an blog | AJBlog Central | Contact me | Advertise | Follow me:

Richest man in modern music

The Grawemeyer award, the largest in contemporary music, has gone to the Dutch composer Louis Andriessen for his opera La Commedia, staged in 2008. 

The prize is worth $100,000, which was a life-changing amount when Witold Lustoslawski, Gyorgy Ligeti and Harrison Birtwistle won it in the mid-1980s but seems rather diminished today, not just in purchasing power so much as in the quality of its selections.
Based at the University of Louisville, Kentucky, the peer-given award rarely goes to world-changing works like John Corigliano’s first symphony (1991), Tan Dun’s Marco Polo (1998) or Peter Lieberson’s Neruda Songs (2008). A worthiness has crept in. Often as not it is given to eminent composers who are past ther best but have never won it before. What, we’ve never honoured Kurtag or Boulez? Let’s find a squib of theirs that justifies a prize.
No disrespect to Andriessen who is a jazz-inflected para-minimalist with a powerful, platonic view of human order that he expressed influentially in De Staat as far back as 1976. He is an excellent composer who should have won the Grawemeyer years ago. I doubt, however, that La Commedia is his finest work, or the best that has been heard anywhere in the past two years. Andriessen does not rank high among composers who will dominate the future. The Grawemeyer needs to take a stern, cold look at its short-term judgements.
Here’s the Grawemeyer announcement:
Related Posts Plugin for WordPress, Blogger...

Comments

  1. The prize used to be bigger than $100,000 – read the NY Times on the award.
    http://www.nytimes.com/2010/11/29/arts/music/29arts-DUTCHCOMPOSE_BRF.html?src=twr
    Boulez won for Sur Incises, which is hardly a squib.
    The award is not entirely peer-given. Read the announcement you linked to, the award involves a “knowledgeable lay panel”.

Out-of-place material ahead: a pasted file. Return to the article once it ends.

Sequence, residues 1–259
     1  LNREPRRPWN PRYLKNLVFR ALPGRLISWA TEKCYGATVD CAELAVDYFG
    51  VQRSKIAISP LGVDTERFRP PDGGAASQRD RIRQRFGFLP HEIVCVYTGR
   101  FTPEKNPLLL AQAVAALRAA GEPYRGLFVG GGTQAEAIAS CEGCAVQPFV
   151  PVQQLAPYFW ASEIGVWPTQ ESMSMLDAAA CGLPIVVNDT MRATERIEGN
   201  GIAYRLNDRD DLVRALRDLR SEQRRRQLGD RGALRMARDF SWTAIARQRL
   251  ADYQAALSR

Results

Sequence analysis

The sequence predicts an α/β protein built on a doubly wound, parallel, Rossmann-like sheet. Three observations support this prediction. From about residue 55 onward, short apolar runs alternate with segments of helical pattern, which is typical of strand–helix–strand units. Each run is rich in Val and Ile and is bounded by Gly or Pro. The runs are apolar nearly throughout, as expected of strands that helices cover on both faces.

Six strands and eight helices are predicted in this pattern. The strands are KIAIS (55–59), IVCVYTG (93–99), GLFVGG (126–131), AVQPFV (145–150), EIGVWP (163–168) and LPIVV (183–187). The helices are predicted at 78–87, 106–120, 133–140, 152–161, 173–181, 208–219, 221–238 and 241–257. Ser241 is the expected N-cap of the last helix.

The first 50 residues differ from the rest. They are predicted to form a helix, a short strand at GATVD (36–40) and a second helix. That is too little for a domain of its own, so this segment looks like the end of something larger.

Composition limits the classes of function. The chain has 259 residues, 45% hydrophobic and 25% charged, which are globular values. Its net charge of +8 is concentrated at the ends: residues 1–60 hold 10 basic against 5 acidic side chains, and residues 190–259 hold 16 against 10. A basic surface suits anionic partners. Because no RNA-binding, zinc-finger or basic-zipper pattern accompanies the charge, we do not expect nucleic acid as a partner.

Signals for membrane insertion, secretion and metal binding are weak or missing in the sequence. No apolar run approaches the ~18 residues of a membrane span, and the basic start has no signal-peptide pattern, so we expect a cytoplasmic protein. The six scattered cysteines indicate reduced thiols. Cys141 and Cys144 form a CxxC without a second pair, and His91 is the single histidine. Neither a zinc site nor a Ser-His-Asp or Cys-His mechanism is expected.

Note that you linked not to the Grawemeyer’s announcement, but to Boosey’s announcement.
    I am confused by your two assertions regarding Andriessen: “is an excellent composer who should have won the Grawemeyer years ago” and “he does not rank high among composers who will dominate the future” Is he worthy or not?
    The “stern, cold look” you suggest is rather melodramatic. Every award is problematic, but I think the list of Grawemeyer award winners is quite strong.

  2. ghillie forrest says:

    Apparently it’s now worth $200,000 (US), after being $150,000 from its inception. I grant you, not what it used to be, but better than a kick in the teeth and double what you said!

  3. As other commenters point out, the prize was $150,000 in the 1980s (and throughout the ’90s). It was increased to $200,000 in 2000. I’m not sure whether it really has decreased to $100,000 now or whether that was a mistake in Boosey’s press release. The Grawemeyer website doesn’t seem to mention the value of the prize after around 2003.
    I’m confused by the end of your post, too. He won’t “dominate the future”; they need to look at their “short-term judgements” … Are we talking long-term or short-term after all?

  4. Robert Huebsch says:

    The suggestion that the three works cited here as “world-changing” are so is simply bizarre.
    That all are basically conservative may be a clue to the author’s musical tastes.

an ArtsJournal blog